Although the distribution looks similar, it would appear that graduates from “La Universidad de los Andes” tend to have better salaries than the rest-Only small percentage of graduates are in the USD-USD999 bucket. It also looks that salaries from the “La Universidad del Norte” are overall lower than the rest of the universities here. Remember I am just showing just correlation, not causation. There are many factors to take into consideration, for example the city where the person reporting the salary lives. For example, if I assume most of the graduates from a university in Medellin , remain in that area. It would expect then that their salaries are lower, just because the cost of live is lower than in Bogotá.

Job Title vs Salary

Let’s see if we can identify a particular pattern where it comes to the position of the person. Now, this data was interesting as it was bilingual. Some reported the the position name in English, some in Spanish. Does that mean that the ones answering in English are hired by a international company? or have better command of English? Does that affect somehow the salary. Let’s take a look at the data:

First let’s take a look at the most common reported positions:

Desarrollador de Software           99
Software Developer 91
Desarrollador de Software Senior 65
Software Engineer 60
Analista de Desarrollo 52
Desarrollador Junior 28
Technical Lead 23
Frontend Developer 23
CTO 22
Director 19

Remember that this is the cleaned data. However, I couldn’t clean as much as I wanted. Too many different spellings and variations of the same job title. Let’s see what we’ve got:

Histogram of salary buckets and job title (Y axis: percentage of total counts for that job title)

We can see that the distribution among the different buckets similar for “Software Developer” and “Software Engineer”. A bad analyst would say that if your job title is in English, you have more chances to be better paid ☺. It is interesting to see how is easy identifiable the “Analista de Desarrollo” is a Colombia only position, as the salaries never go above of the USD2,000−USD2,999 bucket.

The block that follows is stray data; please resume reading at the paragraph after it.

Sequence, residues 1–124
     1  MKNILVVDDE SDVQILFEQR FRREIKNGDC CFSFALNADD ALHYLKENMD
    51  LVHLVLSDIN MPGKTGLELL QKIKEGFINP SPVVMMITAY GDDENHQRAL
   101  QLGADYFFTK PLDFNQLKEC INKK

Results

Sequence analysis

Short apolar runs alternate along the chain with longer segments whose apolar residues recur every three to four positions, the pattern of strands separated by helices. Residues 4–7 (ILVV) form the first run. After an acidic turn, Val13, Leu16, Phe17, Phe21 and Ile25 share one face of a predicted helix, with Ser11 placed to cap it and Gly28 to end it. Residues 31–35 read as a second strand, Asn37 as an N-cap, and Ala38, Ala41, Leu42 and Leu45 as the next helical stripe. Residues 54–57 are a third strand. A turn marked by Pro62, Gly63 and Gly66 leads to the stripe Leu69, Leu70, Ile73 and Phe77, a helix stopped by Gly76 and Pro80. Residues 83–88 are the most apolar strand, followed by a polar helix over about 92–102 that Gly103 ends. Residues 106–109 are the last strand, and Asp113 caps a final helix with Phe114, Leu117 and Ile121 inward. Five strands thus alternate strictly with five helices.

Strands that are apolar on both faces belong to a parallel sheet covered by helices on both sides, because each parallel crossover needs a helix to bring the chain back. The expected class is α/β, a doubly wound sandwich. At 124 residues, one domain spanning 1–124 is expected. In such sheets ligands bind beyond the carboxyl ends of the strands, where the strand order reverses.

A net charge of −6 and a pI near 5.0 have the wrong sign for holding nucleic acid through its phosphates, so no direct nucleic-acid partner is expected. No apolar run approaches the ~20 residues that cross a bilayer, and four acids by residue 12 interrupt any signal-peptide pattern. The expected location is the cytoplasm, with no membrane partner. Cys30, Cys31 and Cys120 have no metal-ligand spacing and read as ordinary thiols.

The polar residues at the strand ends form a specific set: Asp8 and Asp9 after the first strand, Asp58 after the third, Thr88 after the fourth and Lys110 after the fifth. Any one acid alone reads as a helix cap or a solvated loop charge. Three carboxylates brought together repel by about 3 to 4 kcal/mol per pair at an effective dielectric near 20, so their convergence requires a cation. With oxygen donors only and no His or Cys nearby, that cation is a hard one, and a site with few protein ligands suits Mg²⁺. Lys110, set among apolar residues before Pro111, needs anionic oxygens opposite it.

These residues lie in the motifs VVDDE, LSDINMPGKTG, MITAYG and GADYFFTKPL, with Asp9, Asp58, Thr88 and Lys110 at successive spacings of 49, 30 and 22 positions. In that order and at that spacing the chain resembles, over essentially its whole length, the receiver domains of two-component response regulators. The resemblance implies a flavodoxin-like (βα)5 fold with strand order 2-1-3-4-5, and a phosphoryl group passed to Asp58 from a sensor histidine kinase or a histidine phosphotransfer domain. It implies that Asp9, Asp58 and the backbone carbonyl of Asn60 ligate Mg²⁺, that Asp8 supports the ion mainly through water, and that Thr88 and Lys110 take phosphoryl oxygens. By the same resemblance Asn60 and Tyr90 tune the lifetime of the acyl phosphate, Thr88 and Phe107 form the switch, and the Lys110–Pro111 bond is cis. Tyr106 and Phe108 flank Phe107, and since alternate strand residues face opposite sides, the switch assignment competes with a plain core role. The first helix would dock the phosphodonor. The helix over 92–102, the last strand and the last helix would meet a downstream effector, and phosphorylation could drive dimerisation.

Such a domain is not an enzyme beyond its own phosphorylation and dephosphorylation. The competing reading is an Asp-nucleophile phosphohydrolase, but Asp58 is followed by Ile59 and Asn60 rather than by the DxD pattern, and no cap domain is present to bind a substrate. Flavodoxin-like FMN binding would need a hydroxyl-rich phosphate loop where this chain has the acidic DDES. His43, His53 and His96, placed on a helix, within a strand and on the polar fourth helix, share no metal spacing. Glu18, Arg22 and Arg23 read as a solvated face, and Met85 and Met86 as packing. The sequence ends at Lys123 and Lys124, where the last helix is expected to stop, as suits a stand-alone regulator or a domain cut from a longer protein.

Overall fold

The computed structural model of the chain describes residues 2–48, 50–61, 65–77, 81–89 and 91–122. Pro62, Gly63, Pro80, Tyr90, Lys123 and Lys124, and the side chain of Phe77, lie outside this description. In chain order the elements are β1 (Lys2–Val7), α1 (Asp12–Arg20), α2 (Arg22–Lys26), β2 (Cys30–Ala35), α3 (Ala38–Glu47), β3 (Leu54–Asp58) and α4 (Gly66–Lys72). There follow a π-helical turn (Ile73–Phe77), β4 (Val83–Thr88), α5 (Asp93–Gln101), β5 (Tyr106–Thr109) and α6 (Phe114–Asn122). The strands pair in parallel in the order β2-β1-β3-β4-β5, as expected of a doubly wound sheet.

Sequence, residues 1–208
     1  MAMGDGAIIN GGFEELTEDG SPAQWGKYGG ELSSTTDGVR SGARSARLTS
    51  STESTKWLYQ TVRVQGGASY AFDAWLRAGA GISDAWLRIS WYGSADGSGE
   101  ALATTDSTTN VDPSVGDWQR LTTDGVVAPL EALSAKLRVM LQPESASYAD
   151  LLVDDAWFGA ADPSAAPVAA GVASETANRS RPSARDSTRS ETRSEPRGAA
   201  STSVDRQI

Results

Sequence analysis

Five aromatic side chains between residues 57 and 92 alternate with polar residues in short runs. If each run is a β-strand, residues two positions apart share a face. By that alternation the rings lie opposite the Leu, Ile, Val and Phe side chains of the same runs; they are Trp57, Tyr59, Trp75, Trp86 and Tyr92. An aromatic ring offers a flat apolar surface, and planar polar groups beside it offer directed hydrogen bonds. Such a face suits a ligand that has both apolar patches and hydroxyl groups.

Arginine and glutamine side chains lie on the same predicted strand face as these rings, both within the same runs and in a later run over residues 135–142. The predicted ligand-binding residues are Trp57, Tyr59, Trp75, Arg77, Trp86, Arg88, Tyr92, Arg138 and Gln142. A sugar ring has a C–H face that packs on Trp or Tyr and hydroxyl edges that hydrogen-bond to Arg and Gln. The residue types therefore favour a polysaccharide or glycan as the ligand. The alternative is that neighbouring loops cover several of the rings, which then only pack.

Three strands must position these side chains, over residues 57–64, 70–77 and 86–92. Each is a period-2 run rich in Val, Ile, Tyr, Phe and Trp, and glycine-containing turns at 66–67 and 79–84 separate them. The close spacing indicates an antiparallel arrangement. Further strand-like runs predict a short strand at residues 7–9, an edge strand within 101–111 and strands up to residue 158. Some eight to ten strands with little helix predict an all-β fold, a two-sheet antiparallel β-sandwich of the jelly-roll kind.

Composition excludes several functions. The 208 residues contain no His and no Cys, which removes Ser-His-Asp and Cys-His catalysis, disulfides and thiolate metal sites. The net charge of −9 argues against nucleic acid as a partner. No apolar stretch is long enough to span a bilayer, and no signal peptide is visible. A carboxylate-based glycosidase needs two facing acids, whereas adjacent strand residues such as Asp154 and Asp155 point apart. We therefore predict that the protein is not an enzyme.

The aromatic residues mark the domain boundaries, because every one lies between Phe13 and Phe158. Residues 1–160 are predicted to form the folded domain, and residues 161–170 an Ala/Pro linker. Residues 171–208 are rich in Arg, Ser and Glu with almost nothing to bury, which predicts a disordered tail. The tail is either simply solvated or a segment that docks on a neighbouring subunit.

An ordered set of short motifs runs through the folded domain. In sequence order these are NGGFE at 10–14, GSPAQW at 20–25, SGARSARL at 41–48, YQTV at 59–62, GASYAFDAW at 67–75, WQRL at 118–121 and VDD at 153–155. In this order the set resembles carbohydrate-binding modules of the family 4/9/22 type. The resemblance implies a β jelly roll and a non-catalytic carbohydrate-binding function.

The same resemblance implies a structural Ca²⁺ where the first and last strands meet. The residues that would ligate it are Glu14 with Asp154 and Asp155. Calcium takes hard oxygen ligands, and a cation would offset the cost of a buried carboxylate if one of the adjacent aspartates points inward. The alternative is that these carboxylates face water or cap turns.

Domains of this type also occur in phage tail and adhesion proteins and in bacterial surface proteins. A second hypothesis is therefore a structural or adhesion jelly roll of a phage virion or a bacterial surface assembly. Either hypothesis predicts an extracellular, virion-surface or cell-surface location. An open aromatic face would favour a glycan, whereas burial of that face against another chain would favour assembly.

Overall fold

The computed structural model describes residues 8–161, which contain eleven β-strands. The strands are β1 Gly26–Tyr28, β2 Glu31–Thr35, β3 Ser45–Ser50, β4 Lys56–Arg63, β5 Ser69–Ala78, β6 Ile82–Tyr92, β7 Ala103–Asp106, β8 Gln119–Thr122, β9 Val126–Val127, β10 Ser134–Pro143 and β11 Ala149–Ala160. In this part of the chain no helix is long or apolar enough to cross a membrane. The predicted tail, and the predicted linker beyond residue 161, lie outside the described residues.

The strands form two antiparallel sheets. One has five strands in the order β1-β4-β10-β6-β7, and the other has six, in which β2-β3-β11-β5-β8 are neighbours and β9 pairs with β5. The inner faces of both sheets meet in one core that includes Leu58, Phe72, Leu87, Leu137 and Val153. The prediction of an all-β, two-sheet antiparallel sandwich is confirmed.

Recommendations for the Next Survey

I think the survey was a nice exercise and I thank the Bunny Inc. guys for creating it. However in order to obtain more value from the data I would propose some modifications:

  • Ditch Google Forms and create a custom form with a friendly and less prone to manual entry error. For example load a list of Colombian universities or a list of common positions (Software Developer, CTO, Data Engineer, Backend Engineer).
  • Make the reported currency COP. Dollar fluctuates a lot (and much more recently). Therefore I believe is better to report COP instead of USD. Furthermore, if most of the people answering to that survey actually get COP. Conversion can easily be done afterwards.
  • Ditch the buckets and let people enter a exact value. This will allow to obtain better statistics and create buckets that make more sense for the Colombian software developer community.
  • Add additional fields, for example the industry or the actual sex of the person. The location of the person is also important, as the cost of life varies. That way we could also separate those colombian software developer working abroad.


Playing with messy data is not fun, but tools like Open Refine make it way easier. The data obtained from this survey although not perfect allow us to have a glimpse of the distribution of salaries of the colombian software developers. However, I hope the next Survey from the Bunny Inc. guys contain a cleaner data set so that more in depth analysis can be made☺.

The graphs and analysis was done using IPython/Jupyter)(a project initiated by the colombian Software Developer Fernando Perez) and the Pandas, Seaborn and Matplotlib. I will publish a link to the complete IPython notebook.